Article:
MISSOULA — In the 14 years since the Missoula Art Museum completed an addition to its contemporary art gallery, the city’s arts scene has come alive, placing it among the top mid-sized cities in the country on a national index of the arts.
But that’s hardly news anymore, and those in the arts community see big things on the horizon as Missoula’s arts sector continues to grow, carving out an ever larger piece of the city’s economic pie.
“It’s been building,” said Laura Millin, executive director of the Missoula Art Museum. “We can say right here in Missoula how amazing it is – it’s a huge economic factor.”
According to a 2015 study by Arts and Economic Prosperity, Missoula’s nonprofit arts sector represented a $54 million industry, one that provided more than 1,900 jobs and contributed more than $39 million in household earnings.
But that was so yesterday, and those observing the growth in the city’s arts community believe those numbers have and will continue to expand.
A number of recent additions have helped drive that growth, including two new amphitheaters. The company behind the KettleHouse Amphitheater now plans to build a world-class events center in downtown Missoula starting this summer, one that’s expected to provide more than $15 million in direct economic impact to the city each year.
The University of Montana also is moving forward with plans for a new museum to showcase its vast art collection. The Zootown Arts and Community Center recently unveiled its new $3 million facility on Main Street, and the Radius opened its $3 million contemporary gallery on Higgins Avenue just last week.
“I think we’re having a sea change in the economy of the arts here,” said Brian Sippy, who funded the gallery’s new building. “Be it visual arts, the performing arts or the amphitheater, at the end of the day, we’re all part of the story and trying to raise all ships.”
While the arts help drive the economy, Sippy believes they have flown under the radar in past years, though even that’s beginning to change. Increasing investment in new facilities have given the arts – the concerts, plays and exhibits – the venues they deserve.
Sippy said that collective effort will elevate the city’s arts community as a whole.
“We all know the arts can and do drive the economy, but it doesn’t always seem to bubble to the top,” said Sippy. “As that becomes more apparent, we’ll be on more tour maps, more driven by regional tourism and more of a destination. I truly believe we can be there with (the events center) coming and this corridor evolving and everything growing up a little bit.”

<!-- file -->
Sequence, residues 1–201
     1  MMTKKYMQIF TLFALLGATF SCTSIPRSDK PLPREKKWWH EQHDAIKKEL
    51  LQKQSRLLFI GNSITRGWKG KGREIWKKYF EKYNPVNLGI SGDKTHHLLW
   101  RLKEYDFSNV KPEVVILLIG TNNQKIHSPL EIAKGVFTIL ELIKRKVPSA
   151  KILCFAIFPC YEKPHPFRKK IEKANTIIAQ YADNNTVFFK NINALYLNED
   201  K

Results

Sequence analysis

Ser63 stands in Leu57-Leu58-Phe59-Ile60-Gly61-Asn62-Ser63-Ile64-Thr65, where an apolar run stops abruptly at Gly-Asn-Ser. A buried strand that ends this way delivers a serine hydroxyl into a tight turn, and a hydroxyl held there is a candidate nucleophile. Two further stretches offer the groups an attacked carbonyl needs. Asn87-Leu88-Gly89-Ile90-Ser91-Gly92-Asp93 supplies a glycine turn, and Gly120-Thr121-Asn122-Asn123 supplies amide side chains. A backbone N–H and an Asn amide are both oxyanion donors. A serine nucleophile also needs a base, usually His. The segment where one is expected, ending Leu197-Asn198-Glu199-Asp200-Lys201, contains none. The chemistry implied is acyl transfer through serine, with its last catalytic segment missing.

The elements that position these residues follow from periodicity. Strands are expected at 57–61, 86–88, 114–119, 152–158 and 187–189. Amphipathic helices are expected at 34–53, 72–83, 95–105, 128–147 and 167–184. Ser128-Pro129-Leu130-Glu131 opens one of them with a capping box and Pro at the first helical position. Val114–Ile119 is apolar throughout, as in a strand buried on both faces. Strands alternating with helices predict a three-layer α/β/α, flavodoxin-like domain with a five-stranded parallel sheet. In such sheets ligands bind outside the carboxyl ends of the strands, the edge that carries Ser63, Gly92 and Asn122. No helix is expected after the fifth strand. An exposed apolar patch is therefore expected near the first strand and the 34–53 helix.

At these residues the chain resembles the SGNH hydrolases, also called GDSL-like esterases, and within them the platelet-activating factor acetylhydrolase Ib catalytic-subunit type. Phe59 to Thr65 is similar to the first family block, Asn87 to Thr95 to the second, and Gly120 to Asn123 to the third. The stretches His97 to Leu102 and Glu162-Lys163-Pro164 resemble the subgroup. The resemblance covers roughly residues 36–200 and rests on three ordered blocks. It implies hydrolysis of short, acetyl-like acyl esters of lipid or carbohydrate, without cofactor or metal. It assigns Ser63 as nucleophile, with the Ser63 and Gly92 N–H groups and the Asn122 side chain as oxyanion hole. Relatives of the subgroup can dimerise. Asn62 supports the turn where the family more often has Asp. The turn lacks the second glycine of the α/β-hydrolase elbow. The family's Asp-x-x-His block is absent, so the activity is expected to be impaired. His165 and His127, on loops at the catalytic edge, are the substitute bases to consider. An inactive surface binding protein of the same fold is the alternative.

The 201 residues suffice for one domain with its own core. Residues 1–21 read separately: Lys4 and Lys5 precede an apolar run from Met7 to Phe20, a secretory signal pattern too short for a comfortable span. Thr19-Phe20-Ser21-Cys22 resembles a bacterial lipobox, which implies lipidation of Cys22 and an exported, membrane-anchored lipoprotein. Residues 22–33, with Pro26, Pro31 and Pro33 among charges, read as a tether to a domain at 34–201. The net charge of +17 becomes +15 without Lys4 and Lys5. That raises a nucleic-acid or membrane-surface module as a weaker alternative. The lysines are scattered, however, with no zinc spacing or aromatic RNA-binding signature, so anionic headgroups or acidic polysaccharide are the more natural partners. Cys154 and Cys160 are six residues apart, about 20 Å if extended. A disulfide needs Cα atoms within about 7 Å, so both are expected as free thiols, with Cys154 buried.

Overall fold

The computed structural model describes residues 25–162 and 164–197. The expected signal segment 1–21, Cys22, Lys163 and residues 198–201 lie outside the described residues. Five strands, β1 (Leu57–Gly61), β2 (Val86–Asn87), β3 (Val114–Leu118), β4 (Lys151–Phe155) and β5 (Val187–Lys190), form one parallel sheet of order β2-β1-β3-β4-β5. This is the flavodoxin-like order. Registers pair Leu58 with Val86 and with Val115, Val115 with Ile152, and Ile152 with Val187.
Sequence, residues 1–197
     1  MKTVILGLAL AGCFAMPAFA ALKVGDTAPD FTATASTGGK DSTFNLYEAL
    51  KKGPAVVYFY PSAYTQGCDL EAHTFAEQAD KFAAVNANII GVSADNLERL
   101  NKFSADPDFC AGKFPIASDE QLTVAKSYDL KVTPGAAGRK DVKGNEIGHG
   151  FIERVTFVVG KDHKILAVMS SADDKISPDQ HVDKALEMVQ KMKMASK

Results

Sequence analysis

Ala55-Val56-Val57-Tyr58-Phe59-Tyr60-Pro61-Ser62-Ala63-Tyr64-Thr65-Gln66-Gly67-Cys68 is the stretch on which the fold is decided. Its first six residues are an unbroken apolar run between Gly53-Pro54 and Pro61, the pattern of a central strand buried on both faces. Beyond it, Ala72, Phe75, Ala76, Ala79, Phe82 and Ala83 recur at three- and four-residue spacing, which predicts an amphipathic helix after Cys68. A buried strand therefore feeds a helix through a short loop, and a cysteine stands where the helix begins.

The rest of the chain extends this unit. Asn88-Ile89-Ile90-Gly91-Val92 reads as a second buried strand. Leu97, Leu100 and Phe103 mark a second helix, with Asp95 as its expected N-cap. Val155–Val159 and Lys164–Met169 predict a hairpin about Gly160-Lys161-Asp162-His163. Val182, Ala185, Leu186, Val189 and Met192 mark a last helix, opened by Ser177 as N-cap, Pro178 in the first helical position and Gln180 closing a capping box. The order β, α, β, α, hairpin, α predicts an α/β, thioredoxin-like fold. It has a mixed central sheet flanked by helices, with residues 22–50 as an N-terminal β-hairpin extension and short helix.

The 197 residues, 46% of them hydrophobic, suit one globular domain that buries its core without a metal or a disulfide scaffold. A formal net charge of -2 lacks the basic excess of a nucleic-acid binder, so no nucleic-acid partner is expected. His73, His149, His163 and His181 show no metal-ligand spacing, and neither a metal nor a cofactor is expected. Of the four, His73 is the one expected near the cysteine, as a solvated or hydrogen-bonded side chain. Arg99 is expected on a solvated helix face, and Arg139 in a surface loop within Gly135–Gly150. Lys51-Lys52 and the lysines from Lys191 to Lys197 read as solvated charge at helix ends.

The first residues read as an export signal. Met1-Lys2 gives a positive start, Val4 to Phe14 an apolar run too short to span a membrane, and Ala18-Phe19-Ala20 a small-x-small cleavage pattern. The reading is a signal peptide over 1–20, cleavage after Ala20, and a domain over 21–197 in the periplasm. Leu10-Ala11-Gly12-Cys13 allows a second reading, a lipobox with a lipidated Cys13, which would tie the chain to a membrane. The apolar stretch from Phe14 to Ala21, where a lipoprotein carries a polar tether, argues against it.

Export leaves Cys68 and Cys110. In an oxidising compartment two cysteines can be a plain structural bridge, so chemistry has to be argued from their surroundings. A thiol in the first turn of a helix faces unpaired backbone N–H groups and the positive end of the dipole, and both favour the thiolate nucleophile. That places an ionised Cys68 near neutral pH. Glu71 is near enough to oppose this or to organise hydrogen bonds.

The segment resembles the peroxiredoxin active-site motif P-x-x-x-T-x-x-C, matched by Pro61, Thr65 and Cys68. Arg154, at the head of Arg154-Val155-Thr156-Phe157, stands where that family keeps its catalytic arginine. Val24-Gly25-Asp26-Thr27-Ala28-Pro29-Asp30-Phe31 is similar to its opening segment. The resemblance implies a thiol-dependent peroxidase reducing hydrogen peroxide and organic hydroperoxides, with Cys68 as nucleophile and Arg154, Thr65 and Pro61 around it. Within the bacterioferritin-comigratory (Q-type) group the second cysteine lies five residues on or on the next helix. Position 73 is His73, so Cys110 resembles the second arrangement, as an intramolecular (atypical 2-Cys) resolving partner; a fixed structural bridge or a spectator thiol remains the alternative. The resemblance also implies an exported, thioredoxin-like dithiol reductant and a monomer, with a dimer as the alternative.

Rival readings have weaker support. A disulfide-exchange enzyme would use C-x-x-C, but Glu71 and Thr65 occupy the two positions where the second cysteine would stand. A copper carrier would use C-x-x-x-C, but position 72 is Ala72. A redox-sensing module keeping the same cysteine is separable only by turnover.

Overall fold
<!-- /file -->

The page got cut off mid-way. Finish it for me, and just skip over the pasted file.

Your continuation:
The elevated status could also help put more money into the pocket of the actual artists and the people who sell their work. Lisa Simon, who co-founded the Radius Gallery with Jason Neal in 2015, sees the growing investment in new facilities as an opportunity to sell more art, and at a price beneficial to the artists.
“When we started the gallery five years ago, we couldn’t have prices very high and designers wouldn’t work with us, because they said their clients wouldn’t work with locals,” said Simon. “If they wanted good art, they’d go to Seattle or Salt Lake City. They weren’t going to Missoula for fine contemporary art. But now they are. I do think the level is rising generally.”
The level may be rising in other genres as well, convincing private investors to go big on Missoula. Seeing an opportunity, Nick Checota assumed the development rights for a piece of downtown property, where Clark Fork Riverfront Properties plans to break ground on a $100 million hotel and events center this summer.
Checota, who also owns Logjam Presents, sold 250,000 concert tickets at his other local venues last year. More than 45,000 of those were out of market. The new events center will help grow those numbers, bringing more money into the community.
“You’re looking at 3,000 to 4,000 people four to five times a month at this facility,” Checota said recently. “You’re looking at multiples of economic impact. We’re confident it will be one of the nicest events centers in the Western United States.”
Millin attributes the resurgence of Missoula’s arts and culture in part to MAM and the $5 million addition it completed in 2006 at its downtown facility. That and other recent projects around Missoula have helped push the arts sector to a new high, one that’s gaining attention across the country.
“That’s been a wonderful change,” said Millin. “It’s about the culture and stories and how that interweaves to make Missoula a unique place. Culture and tourism isn’t about going to every town and finding the same greatest hits you saw somewhere else. It’s about being unique.”